He’s Just Not That Into You–A Review


A couple of weeks ago a friend lent me the book, and I read it in a single evening. The book is like a diet–there are some excellent guidelines to be followed, but a strict regimen according to the gospel of authors Greg Behrendt and Liz Tuccillo will do nothing but make you crazy.

The underlying message of the book and the movie is a good one: if a guy is into you he will show it, usually by calling. If a guy never calls you, he’s just not that into you, regardless of how much fun you have together or how great the emails are. Even if he’s not a phone person, he will call. There’s good advice in them thar hills.

The movie starts out with a young girl on the playground wanting to know why a boy is mistreating her. A young mother assures her daughter: “It’s because he likes you.” And that my friends, is where the confusion originates: we are conditioned, as women, to view mistreatment at a very young age as a sign of interest. This premise works for anyone under twelve but does anyone really believe such behavior spills over into adulthood?

Then the movie scans the world, showing that women in all cultures, of all ages, are busy making excuses for why their men aren’t showing them more affection: he’s busy, he forgot what hut I live in, yada yada yada. Any female who has been on the dating scene more than a minute has done this because the truth–that he may just not like you–hurts.

The movie, for the most part, follows the travails of a cute but somewhat pathetic Ginnifer Goodwin, who plays a convincing phone watcher and stalker. After a so-so date, Goodwin obsesses about the guy who doesn’t call her for a second date. She tells herself all kinds of lies to convince herself that he is going to call. When he doesn’t, she shows up at his favorite watering hole.

I have done this, although not recently. I have obsessed over a guy, checked my non-existent phone messages, analyzed the situation to death with my girlfriends, and done the ever-popular drive-by just to see if, ya know, he’s like, there. Goodwin does a great job demonstrating that erratic, insane behavior can emanate from a perfectly sane person. In fact, she sure makes the rest of us feel good.

The movie gets hilarious as Goodwin overassumes the interest level of different guys. The movie also, at times, feels like a horror flick: I found myself putting my hands over my face and shaking my head at Goodwin’s pathetic fumblings around the dating world.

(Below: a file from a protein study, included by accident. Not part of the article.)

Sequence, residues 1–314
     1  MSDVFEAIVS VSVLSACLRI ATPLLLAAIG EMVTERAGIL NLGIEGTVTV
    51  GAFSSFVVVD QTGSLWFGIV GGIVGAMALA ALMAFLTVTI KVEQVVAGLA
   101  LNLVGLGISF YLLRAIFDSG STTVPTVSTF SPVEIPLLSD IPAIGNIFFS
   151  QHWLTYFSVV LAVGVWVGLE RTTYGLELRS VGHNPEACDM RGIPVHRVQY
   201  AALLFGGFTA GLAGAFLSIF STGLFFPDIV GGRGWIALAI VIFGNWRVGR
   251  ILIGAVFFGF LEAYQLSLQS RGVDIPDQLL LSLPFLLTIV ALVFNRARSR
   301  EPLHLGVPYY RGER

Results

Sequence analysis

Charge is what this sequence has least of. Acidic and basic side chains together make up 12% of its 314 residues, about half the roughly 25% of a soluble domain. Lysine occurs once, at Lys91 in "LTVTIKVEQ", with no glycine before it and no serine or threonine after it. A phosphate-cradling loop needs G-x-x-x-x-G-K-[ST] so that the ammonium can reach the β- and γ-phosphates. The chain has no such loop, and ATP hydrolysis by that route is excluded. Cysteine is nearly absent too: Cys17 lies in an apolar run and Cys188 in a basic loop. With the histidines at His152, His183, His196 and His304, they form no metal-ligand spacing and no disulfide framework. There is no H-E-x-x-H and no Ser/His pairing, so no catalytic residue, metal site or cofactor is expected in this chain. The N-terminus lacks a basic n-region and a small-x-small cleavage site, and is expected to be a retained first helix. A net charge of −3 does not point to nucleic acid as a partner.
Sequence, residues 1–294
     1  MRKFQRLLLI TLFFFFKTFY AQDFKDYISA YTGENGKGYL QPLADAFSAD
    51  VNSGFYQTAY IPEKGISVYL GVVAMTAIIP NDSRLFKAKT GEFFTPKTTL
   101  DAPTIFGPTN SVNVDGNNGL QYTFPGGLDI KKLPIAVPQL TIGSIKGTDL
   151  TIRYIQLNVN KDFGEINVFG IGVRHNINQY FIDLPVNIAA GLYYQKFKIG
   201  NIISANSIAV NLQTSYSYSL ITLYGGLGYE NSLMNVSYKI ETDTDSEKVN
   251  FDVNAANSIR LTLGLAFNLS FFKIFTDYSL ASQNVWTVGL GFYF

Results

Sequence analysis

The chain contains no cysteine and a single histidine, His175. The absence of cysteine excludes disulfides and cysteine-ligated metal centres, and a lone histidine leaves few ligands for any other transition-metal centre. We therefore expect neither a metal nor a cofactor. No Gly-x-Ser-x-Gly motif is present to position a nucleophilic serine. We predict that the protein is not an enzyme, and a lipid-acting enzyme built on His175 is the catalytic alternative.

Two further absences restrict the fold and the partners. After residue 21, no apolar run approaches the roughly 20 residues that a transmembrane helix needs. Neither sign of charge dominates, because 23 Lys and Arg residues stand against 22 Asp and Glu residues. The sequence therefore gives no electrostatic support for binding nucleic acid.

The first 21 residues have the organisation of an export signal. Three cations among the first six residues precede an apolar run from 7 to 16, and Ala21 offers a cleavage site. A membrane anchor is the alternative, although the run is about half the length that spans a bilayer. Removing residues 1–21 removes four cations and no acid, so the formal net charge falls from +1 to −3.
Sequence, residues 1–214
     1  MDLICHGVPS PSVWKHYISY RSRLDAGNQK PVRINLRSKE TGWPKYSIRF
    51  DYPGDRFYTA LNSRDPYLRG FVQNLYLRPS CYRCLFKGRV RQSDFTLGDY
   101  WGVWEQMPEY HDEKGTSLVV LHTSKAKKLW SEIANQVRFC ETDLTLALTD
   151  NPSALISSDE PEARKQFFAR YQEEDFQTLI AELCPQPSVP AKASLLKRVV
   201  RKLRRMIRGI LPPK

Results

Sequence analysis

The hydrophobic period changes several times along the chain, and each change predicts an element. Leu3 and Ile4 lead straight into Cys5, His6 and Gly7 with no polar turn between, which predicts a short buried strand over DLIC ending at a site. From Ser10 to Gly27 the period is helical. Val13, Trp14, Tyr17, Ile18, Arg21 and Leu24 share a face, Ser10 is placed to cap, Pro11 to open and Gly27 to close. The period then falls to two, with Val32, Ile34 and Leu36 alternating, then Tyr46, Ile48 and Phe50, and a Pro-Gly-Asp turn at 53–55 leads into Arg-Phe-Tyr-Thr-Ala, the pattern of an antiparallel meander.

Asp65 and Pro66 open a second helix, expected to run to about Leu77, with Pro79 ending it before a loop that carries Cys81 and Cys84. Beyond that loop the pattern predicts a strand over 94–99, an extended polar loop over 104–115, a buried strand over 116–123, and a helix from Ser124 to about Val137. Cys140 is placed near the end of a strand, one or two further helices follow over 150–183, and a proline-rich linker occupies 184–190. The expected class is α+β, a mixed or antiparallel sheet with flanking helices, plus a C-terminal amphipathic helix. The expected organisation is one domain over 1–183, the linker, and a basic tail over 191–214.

Justin Long plays the mouthpiece of author Greg Behrendt. He befriends Goodwin early on in the movie and dispenses the cold hard truth about whether or not the guys she meets are into her. Best part of the movie.

The problem is that Long is a player, and gives us a bird’s eye view of how players think and act. The movie (more than the book) assumes that all guys are self-assured go-getters who know exactly what they want and will act accordingly. Rubbish. Men can be just as insecure as women.

And alas, Hollywood just couldn’t stop the cliche train. Long the player falls for Goodwin the good girl; the guy who said he never wanted to get married proposes; and the single girl goes off to India to find herself.

The last ten minutes of the movie nullify the first two hours. Tis a shame.

My number one problem with an otherwise good, thought-provoking movie, is that there are no happy single people in it. Everyone who is single is out looking for love in all the wrong places. No one is content, just living his or her life. Sex and the City suffered from this same character flaw.

Maybe content single people don’t make for good stories. I’d like to think otherwise.

Valentine’s Day is For People Who Don’t Love Each Other

So says my heterosexual life partner Jen. It’s also for kids. So guilt-ridden divorced folks have one more reason to shower their children with monetary tokens of love. Just kidding. Sort of.

Thinking about Valentine’s Day makes me retch. It’s really so ridiculous, and it has zero religious connotations, so it’s not even legit. I’m not going to go into the actual story of St. Valentine, cuz you’re super-savvy and have access to Google. You can look it up.